Underlying sales rose 3% at constant exchange rates to £2.1bn, driven by growth in the catalytic converter and industrial catalyst businesses. However, increased shipping and manufacturing costs associated with the opening of a new plant in Poland meant underlying operating profits fell 5% to £265m.
The interim dividend rose 5% to 24.5p, despite free cash flow deteriorating and net debt climbing substantially.
The shares fell 6.8% in early trading.
There are three distinct parts to the Johnson Matthey (JMAT) story.
First and foremost, it's a leading producer of catalytic converters - the clever bits in car exhausts that strip out the worst emissions. That business is expected to grow over the next decade as regulators tighten emission rules - particularly in China and Europe. We think it's an attractive business, although significant exposure to platinum prices can make it volatile.
The smaller natural resources and health businesses take JMAT's chemical knowhow and applies it elsewhere. Health in particular is expected to deliver 'break out' growth over the next decade - although it will remain small compared to the catalysts business.
But it's the batteries business that generates real excitement. Global automotive manufacturers are planning a $300 billion surge in spending on electric technology over the next 5-10 years. The electrification of vehicles is being taken seriously by traditional players in the sector, not just the likes of Tesla. That would potentially eliminate the need for catalysts, so JMAT is looking to re-engineer itself as a leading supplier of materials for batteries.
The problem is that both the pace and direction of electric car development remains unclear.
A rapid shift to fully electric vehicles would be bad news. But increasingly stringent regulation and widespread uptake of hybrids vehicles would be fantastic - catalytic converters would still be required, but there would be opportunities to sell into the battery supply chain as well.
The other potential pitfall is technological. There's no guarantee JMAT's picked the winning formula for batteries. Until recently it had been focussed on lithium iron phosphate batteries, but changes to regulation in China mean these have fallen out of favour, knocking JMAT battery material sales.
Fortunately its foray into lithium nickel alternatives seems to be getting some good results. The eLNO product has had a warm reception from potential customers and a trial plant is up and running. Commercial production of eLNO is still years away, with the first plant expected to open in 2021/22.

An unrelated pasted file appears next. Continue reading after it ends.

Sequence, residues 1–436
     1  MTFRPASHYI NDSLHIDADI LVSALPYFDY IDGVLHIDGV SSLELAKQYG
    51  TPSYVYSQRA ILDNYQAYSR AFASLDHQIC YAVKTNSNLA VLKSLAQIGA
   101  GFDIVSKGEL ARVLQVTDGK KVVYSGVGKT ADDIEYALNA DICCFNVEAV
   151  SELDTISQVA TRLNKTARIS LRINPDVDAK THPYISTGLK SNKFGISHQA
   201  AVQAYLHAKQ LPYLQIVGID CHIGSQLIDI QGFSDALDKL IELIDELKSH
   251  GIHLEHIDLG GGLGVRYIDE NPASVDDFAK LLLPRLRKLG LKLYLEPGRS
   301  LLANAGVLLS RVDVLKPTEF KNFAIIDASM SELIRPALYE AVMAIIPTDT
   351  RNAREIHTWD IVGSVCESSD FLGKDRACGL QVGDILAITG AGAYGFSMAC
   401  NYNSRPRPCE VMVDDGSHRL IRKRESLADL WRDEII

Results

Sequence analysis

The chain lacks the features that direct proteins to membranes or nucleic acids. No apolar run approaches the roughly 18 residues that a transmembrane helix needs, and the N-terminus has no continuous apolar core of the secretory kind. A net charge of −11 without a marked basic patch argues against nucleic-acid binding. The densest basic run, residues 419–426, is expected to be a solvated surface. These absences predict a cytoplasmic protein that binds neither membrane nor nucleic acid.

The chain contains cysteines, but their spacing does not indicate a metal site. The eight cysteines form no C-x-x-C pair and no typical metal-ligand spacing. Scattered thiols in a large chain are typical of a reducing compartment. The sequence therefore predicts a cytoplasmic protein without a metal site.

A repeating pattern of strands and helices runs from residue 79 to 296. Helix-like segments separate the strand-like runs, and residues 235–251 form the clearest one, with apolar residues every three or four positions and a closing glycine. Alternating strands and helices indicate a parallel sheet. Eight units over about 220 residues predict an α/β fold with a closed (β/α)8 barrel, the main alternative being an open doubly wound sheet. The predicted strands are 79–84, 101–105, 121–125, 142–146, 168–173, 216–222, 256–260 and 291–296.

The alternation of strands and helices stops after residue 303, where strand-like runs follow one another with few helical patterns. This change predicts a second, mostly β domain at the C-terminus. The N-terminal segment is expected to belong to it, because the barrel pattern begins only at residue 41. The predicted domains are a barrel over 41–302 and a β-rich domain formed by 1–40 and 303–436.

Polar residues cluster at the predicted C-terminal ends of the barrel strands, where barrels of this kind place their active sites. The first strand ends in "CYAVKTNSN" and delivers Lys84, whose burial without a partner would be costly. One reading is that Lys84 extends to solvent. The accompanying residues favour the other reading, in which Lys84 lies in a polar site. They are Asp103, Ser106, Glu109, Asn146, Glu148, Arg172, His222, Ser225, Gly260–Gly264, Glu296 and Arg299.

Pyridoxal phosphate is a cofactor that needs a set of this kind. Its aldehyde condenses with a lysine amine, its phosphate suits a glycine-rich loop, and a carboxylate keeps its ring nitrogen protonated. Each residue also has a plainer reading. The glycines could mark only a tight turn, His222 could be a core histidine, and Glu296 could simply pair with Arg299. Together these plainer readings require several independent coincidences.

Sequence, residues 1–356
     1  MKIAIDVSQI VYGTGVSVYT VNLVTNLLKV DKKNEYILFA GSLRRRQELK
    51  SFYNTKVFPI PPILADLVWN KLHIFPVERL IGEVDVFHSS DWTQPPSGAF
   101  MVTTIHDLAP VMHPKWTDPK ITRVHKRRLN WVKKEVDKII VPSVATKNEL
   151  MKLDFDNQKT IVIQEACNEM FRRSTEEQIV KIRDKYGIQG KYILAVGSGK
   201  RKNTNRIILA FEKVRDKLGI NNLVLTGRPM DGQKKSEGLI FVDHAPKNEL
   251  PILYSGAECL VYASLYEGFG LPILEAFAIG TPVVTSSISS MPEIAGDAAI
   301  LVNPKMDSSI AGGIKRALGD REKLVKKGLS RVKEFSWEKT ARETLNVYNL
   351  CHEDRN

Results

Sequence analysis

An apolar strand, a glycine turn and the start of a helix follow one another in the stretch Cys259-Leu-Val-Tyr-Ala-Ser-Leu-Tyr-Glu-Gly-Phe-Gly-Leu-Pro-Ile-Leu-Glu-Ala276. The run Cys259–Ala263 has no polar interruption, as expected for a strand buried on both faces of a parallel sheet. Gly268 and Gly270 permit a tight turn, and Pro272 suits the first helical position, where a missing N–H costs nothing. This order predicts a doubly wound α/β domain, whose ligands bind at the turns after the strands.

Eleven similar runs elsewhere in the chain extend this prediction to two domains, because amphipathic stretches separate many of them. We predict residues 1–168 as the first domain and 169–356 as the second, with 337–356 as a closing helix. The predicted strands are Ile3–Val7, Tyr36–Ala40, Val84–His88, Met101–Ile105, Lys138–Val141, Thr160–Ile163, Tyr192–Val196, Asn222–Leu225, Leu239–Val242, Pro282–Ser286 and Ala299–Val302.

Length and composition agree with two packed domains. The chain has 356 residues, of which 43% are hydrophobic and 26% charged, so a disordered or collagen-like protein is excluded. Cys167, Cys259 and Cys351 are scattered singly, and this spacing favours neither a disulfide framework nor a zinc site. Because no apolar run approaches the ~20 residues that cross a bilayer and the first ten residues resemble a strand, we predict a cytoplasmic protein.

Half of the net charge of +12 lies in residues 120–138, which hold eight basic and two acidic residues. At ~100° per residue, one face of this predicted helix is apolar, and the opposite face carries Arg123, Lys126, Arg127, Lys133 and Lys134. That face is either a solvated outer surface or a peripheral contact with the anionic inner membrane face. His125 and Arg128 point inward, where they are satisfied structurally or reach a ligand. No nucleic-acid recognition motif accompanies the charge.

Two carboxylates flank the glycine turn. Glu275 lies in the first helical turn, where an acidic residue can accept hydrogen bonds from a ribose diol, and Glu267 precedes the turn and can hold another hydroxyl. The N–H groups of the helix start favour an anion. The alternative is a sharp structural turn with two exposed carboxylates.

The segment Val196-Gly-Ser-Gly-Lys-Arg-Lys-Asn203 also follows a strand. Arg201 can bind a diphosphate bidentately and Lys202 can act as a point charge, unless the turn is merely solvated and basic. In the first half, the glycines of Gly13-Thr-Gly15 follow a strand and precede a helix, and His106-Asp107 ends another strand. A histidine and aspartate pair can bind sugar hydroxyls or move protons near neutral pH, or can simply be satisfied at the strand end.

Overall JMAT feels a bit in limbo at the moment. Auto-catalysts are firmly in the driving seat where profits are concerned, but the long term shift towards electric vehicles probably gives it a limited life. Whether it will become a dominant player in the battery market is an open question, but we struggle to find its position compelling at present. Perhaps it's no surprise then that the shares currently trade on 13.2 times forward earnings, below their longer run average, with a prospective yield of 2.9%.
Half year results (Constant exchange rate)
Sales in the Clean Air division, which makes automotive catalysts, rose 4% to £1.4bn thanks to growth in Light duty vehicles (LDV). Profits slipped 9% to £179m reflecting the phased introduction of the new Polish plant designed to service increased European LDV demand. Full year operating profits are now expected to be weaker than last year.
Efficient Natural Resources saw sales rise 4% to £496m, benefitting from higher metal prices in the Pgm Services business, which recycles platinum group metals. Operating profits rose 6% to £94m. Health saw sales fall 9%, although operating profits rose 21% to £18m thanks to increased efficiency.
The New Markets business saw sales rise 5% thanks to a good result in fuel cells, although the division remains slightly loss making overall. Development of the first commercial eLNO battery material plant is on track.
JMAT reported a free cash outflow of £382m in the half, largely due to increased platinum prices and also increased capital expenditure. As a result net debt rose £452m year-on-year to £1.5bn, above the groups long term target.
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